Canadian Lotteries- Are the winnings taxed?

Canadian wins are not taxed

Winning is always exciting and happiest moment. Winning Canadian lottery then you just fly away to fantasy and dream about what you wish to do with your winning prize. Many winners might go to exotic and luxury travel, most will buy a brand new car or luxury home and few may even preserve money for future or for their children. The happiest thing to know is that you will be able to enjoy the entire lottery winning amount as it is tax-free.

Winning in Lotteries

Winnings from a Canadian lottery such Lotto Max or 649 are considered to be windfalls. Even winnings from a sweepstakes or lottery sponsored by a charitable organization are generally tax-free. Everything from your local hockey team’s 50/50 draw to the Big Brothers/Big Sisters travel lotto vouchers is included in the windfall category and therefore exempt from tax.

The Canada Revenue Agency (CRA) does not require you to pay tax on the winnings themselves. However, as with most other types of income, you will be subject to tax on any money your windfall generates. If you simply put your millions in the bank, only the interest your money makes will be taxable.

Winning at the Casinos

Canadian winner

Canadian casino winnings will be treated the same as other lotteries and usually remain tax-free. However, over the past few years, CRA has begun to examine its policies for professional gamblers, classifying “winnings” as business income and therefore taxable like any other business income. At the same time, this also means professional gamblers can claim business expenses. For example, if you’re considered to be a self-employed professional poker player under this theory, you could deduct all of your travel expenses, tournament fees, etc. from any winnings. If you didn’t win enough to cover the expenses, you’d be able to claim a business loss.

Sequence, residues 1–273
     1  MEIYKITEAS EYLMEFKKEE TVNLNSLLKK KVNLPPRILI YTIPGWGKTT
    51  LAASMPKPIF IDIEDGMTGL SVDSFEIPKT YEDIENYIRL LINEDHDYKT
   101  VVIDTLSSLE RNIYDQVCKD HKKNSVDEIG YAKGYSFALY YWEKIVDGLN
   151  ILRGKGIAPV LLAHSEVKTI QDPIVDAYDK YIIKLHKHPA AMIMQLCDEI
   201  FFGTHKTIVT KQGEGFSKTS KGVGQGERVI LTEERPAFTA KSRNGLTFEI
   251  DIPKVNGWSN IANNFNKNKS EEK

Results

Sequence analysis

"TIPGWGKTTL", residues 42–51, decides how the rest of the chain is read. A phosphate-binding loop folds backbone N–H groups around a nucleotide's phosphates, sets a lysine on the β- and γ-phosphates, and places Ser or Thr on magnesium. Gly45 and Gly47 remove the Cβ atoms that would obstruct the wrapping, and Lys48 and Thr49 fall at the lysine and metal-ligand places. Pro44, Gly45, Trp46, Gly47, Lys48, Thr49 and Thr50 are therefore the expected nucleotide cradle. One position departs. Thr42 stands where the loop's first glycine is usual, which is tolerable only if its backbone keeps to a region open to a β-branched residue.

Canucks will not have to pay taxes on horse racing, sports betting, lotteries, online casinos and any other games of chance. However, if you earn interest on your winnings, you must legally declare that on a T5 form. This interest is taxable. Should you be caught not paying taxes on this, you could be fined.

On the other hand if you are a full time gambler, online or offline, and make a living from betting, you are required to file taxes. Professional poker players, blackjack players or any other professional gambler are viewed as operating their own freelance business. This is taxable in Canada.

So far, the Canada Revenue Agency is slow to assess and audit people whose source of income comes from gambling. The reason being is that they are said to operate a business and those business profits are taxable. However, this same business can accumulate significant losses which reduce income and income from other businesses.

Canada Revenue Agency’s position is that “an individual may be subject to tax on income derived from gambling itself, if the gambling activities constitute carrying on the business of gambling.” Note that this includes all currencies besides just CAD, although it’s questionable if bitcoin gambling is included here.

Winning contests at workplace

Canada contest